In contrast to its American rivals, the group reported a rise in interim profits and predicted further growth this year. The group said it was looking at smaller European companies to add to its Dublin-based business, as well as the possibility of spending "hundreds of millions" on a larger acquisition this year.
"We are always talking to a lot of people," said David McCann, the chief executive. "Our main focus is Europe, and we are thinking that we can make one substantial acquisition in Europe. We are continuing to explore acquisitions up to the pounds 300m to pounds 400m range."
News of the expansion plan came as Fyffes reported a 10 per cent rise in profits before tax and exceptional items to 32.6m euros (pounds 21.2m), boosted by the 7m euro sale of its stake in United Beverages Holdings and two properties in Dublin.
The profit contrasted sharply with recent statements from its US rivals Dole Food, Chiquita Brands and Fresh Del Monte Produce. All three warned of lower-than-expected second-quarter earnings, hit by excess banana supplies in the US, weak demand in eastern Europe and Russia, and the trade row between the US and the European Union over banana import regulations.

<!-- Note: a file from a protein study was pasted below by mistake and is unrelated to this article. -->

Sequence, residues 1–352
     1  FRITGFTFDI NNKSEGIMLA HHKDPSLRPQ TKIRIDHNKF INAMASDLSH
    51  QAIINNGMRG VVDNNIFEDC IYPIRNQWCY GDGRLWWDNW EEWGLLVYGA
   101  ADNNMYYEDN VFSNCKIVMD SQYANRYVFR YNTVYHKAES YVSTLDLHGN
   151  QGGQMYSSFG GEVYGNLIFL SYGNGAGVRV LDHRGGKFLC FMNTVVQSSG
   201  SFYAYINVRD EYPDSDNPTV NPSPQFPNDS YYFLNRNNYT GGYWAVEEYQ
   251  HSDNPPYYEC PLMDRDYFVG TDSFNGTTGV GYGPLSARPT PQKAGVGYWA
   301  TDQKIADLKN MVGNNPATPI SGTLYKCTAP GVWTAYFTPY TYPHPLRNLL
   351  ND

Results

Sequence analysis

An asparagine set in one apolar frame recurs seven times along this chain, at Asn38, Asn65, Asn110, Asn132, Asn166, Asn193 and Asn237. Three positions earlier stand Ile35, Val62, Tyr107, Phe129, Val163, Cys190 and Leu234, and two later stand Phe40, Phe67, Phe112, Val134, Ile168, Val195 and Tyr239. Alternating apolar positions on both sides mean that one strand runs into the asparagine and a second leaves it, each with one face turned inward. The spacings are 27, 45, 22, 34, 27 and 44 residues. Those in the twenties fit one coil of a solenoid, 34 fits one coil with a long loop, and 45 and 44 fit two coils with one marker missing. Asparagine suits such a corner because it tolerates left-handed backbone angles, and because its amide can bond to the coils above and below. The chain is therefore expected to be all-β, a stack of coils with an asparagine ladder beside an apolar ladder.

The US government, with the support of five Latin American countries, claims the EU's import rules favour former European colonies in Africa and the Caribbean and are demanding a change in the regulations. Both sides accuse each other of violating international trade rules and undermining the World Trade Organisation.
Fyffes, where bananas account for one-third of annual sales, was cautious on the outcome of the "banana wars", but Joe Gill, an ABN Amro analyst, said Fyffes was well placed to weather the dispute.Reuse content